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any selfmoving power in the chain, as if the motion of one link followed that of another in the order of time.

2. If any should say, that the determining act is not before the determined act, either in order of time, or of nature, nor is distinct from it; but that the exertion of the act is the détermination of the act; that for the soul to exert a particular volition, is for it to cause and determine that act of volition ; I would on this observe, that the thing in question seems to be forgotten or kept out of sight, in darkness and unintelligibleness of speech; unless such an objector would mean to contradict himself. The very act of volition itself is doubtless a determination of mind ; i. e. it is the mind's drawing up a conclusion, or coming to a choice between two things or more, proposed to it. But determining among external objects of choice, is not the same with determining the act of choice itself, among various possible acts of choice.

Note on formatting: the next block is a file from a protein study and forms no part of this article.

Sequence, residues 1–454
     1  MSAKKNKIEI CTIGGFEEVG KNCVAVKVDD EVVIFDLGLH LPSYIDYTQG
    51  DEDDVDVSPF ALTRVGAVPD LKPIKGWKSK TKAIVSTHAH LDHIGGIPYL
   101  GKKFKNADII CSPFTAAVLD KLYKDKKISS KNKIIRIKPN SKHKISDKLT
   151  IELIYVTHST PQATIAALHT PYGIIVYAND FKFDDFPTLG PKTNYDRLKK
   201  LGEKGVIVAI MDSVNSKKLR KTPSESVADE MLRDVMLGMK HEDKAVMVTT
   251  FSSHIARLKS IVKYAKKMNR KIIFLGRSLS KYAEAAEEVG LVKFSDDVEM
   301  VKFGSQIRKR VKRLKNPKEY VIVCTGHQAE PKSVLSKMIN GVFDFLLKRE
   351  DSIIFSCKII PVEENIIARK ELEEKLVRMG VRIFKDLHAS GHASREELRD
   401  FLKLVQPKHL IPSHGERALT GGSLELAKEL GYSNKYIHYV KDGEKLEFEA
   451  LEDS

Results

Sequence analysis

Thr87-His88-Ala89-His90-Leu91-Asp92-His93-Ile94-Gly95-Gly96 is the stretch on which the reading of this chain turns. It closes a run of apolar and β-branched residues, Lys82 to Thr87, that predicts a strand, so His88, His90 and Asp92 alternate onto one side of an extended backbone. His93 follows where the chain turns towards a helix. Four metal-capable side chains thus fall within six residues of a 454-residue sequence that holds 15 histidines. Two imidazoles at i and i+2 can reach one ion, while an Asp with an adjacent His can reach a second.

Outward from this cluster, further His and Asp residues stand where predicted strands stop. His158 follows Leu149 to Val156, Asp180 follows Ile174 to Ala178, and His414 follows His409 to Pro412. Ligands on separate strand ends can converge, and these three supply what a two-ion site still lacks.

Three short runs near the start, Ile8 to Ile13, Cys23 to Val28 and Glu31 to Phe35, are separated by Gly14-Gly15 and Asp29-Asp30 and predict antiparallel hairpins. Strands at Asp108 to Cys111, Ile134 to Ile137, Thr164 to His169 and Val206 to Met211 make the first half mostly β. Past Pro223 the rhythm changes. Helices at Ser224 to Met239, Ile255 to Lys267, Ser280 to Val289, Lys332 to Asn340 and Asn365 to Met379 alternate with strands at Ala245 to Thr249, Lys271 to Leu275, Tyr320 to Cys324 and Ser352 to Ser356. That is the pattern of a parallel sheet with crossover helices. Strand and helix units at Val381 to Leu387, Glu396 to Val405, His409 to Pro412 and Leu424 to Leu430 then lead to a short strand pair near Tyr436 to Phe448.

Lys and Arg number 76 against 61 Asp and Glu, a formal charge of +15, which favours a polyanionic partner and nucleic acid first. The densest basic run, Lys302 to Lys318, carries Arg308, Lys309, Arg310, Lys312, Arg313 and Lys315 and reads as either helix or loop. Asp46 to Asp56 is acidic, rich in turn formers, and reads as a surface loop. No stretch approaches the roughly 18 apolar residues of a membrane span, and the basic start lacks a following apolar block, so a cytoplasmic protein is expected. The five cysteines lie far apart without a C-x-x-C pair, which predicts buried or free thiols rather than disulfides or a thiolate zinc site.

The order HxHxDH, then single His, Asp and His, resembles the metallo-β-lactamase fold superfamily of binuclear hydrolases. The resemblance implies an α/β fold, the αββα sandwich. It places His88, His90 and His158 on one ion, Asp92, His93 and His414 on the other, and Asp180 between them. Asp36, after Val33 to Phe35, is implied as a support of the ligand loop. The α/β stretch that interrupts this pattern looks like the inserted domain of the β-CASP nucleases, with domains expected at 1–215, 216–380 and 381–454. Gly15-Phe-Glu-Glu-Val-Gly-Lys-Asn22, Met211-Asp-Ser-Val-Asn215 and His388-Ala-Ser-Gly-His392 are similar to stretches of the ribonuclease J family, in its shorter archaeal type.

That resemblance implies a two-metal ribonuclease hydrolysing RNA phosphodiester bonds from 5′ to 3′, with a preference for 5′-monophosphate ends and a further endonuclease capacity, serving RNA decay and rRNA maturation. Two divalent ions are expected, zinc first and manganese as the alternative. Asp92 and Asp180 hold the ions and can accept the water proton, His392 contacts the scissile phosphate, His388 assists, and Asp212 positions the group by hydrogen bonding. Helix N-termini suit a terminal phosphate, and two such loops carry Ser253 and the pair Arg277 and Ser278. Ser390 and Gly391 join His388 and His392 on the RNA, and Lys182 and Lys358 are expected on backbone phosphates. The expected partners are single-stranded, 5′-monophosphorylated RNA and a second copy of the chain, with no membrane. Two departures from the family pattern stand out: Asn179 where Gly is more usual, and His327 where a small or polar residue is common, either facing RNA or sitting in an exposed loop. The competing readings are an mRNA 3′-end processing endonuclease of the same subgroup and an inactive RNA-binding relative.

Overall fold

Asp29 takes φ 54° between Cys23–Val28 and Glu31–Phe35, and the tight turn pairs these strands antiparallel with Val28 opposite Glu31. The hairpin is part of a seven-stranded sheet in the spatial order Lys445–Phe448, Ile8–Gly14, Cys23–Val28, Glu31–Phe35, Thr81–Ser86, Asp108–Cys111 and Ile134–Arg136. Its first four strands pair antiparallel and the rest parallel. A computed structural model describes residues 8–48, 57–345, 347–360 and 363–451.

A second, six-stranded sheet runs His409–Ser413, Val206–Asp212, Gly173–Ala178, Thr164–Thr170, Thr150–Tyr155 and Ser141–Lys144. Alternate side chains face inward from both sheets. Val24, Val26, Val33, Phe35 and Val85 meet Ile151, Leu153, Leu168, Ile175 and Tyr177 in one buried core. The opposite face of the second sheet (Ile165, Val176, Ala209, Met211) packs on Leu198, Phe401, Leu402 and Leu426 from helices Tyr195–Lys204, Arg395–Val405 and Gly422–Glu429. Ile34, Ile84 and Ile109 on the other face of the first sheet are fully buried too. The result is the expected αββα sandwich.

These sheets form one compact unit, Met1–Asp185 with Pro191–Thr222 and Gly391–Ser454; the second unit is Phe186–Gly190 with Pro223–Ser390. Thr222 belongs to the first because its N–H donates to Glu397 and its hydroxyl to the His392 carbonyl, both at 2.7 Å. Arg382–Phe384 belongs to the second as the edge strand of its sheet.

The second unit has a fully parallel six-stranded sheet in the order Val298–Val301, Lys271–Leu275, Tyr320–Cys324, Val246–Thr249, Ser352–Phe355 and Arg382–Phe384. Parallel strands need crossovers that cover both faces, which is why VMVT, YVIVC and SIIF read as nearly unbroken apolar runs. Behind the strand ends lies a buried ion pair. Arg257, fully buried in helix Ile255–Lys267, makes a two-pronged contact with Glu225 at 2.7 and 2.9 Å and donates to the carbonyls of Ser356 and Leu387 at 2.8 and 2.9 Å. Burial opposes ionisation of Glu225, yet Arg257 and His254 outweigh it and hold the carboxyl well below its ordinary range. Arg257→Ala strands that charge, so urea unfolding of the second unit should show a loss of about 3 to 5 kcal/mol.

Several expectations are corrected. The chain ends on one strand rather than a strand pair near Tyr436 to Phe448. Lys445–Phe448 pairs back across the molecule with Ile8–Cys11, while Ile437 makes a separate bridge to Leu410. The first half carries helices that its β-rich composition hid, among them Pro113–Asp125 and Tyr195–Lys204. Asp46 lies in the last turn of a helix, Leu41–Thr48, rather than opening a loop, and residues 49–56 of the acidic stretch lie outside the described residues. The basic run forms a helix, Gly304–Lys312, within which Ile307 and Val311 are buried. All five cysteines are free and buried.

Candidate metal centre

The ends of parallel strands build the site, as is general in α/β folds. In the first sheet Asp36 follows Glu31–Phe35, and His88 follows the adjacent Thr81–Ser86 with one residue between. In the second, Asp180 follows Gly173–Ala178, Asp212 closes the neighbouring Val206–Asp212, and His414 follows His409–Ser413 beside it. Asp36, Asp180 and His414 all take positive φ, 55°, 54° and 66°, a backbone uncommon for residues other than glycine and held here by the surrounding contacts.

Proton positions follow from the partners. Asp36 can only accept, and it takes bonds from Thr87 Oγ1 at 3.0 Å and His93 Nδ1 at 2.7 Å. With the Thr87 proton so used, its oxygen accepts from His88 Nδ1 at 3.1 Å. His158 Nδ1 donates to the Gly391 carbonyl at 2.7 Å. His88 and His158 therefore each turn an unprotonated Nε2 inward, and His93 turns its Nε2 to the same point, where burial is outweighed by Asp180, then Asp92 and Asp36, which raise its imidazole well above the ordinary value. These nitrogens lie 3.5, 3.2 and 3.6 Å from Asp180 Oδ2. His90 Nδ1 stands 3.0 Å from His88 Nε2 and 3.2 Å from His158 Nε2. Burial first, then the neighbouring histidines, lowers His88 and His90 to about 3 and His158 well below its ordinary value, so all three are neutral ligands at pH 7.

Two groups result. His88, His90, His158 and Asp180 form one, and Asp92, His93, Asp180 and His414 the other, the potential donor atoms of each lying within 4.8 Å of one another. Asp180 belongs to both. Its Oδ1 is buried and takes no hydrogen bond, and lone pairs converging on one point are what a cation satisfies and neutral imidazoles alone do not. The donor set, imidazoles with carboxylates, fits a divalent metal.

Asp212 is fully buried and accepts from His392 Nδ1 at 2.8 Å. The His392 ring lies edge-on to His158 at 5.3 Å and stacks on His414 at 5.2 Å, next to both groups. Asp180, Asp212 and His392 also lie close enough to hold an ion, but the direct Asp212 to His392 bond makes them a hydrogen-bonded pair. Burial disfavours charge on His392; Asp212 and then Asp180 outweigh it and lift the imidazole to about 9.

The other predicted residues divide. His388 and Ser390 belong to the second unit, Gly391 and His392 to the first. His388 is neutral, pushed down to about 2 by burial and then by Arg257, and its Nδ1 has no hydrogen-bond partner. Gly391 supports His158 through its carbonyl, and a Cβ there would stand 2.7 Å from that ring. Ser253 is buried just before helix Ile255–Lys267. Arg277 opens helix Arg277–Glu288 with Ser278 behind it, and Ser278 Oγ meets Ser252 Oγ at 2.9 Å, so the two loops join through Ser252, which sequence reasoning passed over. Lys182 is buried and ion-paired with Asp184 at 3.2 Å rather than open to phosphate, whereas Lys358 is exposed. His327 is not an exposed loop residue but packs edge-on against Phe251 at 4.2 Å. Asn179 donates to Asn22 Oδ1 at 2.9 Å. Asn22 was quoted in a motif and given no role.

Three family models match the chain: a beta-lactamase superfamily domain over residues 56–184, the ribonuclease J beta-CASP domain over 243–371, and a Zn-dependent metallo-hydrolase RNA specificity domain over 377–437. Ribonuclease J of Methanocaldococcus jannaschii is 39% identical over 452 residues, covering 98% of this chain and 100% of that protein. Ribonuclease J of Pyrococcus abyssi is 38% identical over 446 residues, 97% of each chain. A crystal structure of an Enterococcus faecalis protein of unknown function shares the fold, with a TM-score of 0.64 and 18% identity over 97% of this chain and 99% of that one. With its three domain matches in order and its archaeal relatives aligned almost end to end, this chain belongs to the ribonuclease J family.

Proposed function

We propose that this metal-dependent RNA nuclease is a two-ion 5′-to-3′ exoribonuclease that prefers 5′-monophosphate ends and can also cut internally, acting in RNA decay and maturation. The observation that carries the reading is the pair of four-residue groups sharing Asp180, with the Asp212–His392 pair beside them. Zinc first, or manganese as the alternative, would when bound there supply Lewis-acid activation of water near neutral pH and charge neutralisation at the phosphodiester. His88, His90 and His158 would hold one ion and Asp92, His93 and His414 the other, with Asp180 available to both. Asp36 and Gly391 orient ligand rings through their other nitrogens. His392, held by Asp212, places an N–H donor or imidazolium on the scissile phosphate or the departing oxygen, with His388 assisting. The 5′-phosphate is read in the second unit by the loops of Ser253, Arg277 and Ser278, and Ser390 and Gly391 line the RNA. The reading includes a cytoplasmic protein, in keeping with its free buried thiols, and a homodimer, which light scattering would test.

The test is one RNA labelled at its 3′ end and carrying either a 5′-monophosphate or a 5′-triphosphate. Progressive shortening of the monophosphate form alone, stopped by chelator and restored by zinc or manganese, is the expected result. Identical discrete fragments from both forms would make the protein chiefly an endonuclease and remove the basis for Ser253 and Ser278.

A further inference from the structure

The question is, what influences, directs, or determines the mind or Will to come to such a conclusion or choice as it does ? Or what is the cause, ground or reason, why it concludes thus, and not otherwise ? Now it must be answered, according to the Arminian notion of freedom, that the Will influences, orders and determines itself thus to act. And if it does, I say, it must be by some antecedent act. To say, it is caused, influenced and determined by something, and yet not determined by any thing antecedent, either in order of time or of nature, is a contradiction. For that is what is meant by a thing's being prior in the order of nature, that it is some way the cause or reason of the thing, with respect to which it is said to be prior.